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Well, Ive read some on this subject and always found different information.

Whats your conclusion, does a long dur cam affect cylinderpressure or is this just BS?

Thanks
Matt
 

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Got to check the intake closing point. After checking out comp cams high energy series vs the magnum series, there is quite a bit of difference between when the valves close on cams with the same lift. The magnum series cams allows you to run more compression because of the late valve closing.
At lease thats what comp cam told me, and why doesn't cam manufactures show the closing degree on their advertisements if it is so important in selecting a cam?
 

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You can't bleed off pressure you don't have, and once the valve is closed, it shouldn't leak. The old John Deere tractors have a bleed-off valve at the top of the cylinder to bleed off enough cranking pressure to allow a man to start the engine by manually rotating the flywheel.
 

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I've been working the graveyard shift (11pm to 7am) doing some vehicle testing/mileage accumulation (500 miles a shift). I'm a little groggy. I think I've commented on this before but the explanation of long duration or overlap "bleeding off" compression is not a good explanation of the interaction between cam timing and pressure.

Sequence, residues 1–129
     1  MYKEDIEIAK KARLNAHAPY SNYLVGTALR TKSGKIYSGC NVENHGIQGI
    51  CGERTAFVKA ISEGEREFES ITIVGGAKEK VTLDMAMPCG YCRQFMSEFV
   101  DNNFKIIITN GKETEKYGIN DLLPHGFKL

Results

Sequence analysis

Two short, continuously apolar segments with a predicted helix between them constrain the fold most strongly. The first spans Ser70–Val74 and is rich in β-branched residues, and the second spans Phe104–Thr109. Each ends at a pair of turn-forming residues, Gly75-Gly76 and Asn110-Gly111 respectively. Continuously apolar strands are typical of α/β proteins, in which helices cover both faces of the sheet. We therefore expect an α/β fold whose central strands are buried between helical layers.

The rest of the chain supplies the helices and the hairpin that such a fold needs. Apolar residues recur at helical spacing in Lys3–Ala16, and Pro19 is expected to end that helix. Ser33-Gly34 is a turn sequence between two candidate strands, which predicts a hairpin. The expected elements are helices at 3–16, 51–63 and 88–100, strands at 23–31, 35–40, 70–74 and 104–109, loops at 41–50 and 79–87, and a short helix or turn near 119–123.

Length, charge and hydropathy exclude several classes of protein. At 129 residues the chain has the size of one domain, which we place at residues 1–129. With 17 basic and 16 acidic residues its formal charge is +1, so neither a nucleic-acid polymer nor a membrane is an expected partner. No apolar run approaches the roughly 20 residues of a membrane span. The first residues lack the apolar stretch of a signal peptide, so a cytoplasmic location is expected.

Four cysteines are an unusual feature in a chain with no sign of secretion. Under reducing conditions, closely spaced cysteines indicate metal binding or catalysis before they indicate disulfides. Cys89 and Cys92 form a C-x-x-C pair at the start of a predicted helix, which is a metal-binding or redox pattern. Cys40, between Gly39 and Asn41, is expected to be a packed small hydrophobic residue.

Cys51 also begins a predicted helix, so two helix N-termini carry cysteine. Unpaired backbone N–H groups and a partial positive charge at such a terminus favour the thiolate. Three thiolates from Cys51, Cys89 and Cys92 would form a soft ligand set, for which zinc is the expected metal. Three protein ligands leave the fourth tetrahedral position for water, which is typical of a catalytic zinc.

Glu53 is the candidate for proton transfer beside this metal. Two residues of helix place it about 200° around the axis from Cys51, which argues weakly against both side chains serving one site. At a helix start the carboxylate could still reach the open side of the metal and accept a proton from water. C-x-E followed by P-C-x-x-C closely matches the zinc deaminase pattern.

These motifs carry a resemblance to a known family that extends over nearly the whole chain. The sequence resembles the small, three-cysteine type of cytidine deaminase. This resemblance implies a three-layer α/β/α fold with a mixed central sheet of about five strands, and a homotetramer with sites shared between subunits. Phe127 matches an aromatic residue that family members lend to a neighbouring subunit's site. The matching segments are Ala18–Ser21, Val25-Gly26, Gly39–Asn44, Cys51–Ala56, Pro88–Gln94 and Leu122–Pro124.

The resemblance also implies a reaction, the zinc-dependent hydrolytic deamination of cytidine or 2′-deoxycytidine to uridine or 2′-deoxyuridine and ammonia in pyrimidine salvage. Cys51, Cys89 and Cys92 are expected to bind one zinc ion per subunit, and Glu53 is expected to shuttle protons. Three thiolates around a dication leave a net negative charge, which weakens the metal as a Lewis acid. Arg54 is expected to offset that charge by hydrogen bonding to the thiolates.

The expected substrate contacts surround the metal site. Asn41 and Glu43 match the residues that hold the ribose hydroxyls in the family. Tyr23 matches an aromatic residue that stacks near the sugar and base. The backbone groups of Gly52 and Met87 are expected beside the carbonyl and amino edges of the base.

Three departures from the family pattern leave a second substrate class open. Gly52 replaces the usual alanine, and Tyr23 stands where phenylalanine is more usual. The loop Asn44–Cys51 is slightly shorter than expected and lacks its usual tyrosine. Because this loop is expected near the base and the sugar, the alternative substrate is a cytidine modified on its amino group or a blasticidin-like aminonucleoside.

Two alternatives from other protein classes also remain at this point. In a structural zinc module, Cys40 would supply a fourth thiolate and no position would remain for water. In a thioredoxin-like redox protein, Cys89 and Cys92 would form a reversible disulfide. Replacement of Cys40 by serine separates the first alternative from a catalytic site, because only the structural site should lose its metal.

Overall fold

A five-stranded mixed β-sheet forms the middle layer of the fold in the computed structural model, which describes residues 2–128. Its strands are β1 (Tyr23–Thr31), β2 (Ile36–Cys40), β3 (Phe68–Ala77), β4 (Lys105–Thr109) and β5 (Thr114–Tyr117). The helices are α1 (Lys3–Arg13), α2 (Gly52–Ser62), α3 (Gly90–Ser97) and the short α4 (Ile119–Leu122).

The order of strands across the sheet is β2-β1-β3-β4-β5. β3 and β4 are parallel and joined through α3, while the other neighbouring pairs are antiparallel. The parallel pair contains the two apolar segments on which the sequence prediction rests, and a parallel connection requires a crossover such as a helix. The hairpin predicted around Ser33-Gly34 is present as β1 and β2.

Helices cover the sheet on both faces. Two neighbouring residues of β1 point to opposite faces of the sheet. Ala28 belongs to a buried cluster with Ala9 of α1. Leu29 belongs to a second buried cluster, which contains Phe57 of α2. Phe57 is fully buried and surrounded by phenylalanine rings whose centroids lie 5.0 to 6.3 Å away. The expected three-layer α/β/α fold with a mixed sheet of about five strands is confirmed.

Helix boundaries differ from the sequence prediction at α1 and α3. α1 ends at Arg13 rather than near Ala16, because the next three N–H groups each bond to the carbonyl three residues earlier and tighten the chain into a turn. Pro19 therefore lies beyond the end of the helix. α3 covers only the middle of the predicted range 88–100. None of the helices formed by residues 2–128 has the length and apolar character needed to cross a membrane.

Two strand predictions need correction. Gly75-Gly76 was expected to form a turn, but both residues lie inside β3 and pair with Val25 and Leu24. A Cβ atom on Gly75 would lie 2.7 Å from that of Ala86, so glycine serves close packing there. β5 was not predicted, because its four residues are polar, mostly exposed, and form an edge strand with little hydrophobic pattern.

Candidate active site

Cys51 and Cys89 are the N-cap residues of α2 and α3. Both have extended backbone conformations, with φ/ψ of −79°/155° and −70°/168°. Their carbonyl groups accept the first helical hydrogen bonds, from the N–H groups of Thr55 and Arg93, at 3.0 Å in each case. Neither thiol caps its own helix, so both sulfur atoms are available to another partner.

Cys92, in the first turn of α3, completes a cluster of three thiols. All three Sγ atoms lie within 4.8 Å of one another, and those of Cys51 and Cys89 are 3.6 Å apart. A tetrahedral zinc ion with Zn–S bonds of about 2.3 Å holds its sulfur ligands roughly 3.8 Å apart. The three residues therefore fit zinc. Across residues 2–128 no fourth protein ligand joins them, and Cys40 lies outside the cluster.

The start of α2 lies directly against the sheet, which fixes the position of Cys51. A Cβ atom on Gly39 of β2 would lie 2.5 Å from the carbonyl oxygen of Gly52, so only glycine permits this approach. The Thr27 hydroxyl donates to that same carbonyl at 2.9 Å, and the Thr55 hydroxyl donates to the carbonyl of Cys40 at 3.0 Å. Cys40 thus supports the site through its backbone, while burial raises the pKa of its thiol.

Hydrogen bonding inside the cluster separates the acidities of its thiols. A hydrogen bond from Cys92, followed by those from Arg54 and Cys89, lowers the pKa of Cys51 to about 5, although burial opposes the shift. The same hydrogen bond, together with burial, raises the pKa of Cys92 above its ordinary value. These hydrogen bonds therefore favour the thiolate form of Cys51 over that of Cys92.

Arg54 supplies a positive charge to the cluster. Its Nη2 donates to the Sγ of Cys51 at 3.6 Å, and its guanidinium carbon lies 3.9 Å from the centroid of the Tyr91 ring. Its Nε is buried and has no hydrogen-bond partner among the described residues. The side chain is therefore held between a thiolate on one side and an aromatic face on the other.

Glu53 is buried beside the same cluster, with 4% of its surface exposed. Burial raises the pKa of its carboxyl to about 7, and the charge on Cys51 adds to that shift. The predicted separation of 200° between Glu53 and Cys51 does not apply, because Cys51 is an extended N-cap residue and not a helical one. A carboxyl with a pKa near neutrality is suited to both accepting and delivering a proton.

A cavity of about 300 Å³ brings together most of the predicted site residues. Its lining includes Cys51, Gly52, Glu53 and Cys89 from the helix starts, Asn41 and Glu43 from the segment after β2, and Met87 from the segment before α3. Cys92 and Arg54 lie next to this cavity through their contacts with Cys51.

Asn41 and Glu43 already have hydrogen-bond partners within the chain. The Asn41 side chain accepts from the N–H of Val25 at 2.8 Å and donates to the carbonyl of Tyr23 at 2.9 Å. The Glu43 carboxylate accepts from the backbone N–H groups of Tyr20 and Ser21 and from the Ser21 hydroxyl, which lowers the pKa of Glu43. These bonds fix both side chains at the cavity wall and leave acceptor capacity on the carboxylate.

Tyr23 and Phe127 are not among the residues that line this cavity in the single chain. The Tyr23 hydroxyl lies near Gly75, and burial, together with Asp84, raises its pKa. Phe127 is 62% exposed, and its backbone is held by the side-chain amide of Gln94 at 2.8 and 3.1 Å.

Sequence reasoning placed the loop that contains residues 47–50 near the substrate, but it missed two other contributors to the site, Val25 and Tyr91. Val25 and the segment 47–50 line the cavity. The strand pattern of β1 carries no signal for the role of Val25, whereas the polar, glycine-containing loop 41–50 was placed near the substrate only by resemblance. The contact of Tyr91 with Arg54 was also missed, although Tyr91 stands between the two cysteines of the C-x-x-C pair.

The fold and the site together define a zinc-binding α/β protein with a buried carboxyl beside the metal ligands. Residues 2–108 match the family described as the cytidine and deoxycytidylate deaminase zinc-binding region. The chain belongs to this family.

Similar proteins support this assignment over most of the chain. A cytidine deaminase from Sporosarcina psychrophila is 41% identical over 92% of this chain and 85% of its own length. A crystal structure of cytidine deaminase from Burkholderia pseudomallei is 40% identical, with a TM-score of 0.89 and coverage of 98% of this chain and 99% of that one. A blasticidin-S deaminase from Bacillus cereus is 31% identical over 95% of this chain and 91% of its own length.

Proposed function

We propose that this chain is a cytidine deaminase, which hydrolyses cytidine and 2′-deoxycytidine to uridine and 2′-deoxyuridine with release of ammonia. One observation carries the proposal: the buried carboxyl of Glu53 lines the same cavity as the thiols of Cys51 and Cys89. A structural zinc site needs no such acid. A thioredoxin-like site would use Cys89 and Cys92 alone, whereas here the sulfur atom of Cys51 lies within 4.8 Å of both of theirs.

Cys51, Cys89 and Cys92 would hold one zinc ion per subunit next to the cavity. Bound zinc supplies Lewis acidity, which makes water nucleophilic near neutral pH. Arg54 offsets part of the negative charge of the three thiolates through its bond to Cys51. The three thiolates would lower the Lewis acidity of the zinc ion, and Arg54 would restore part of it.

As far as the "why don't the manufacturers..." comment, this is another bit faulty logic reasoning.
 

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What PW said.

I agree with Paul.Also note some cam companys will advertise their cam timing / duration at .020 , but the recomended valve lash will be .024:shh:
So you must calculate your ACTUAL running timing at .024;) and factor this into your comparisons of other cams.:D

IMHO it's best to compare VALVE timing at a half a thou with running lash in.This is what the running engine see's.Lift rate and lift under the curve is another area to be considered,,but IMO the true valve timing is when the valve just sets down or just breaks it's seal.There's alot of performance lost or gained at lift's under .020.

WP:) RED67:chev:
 
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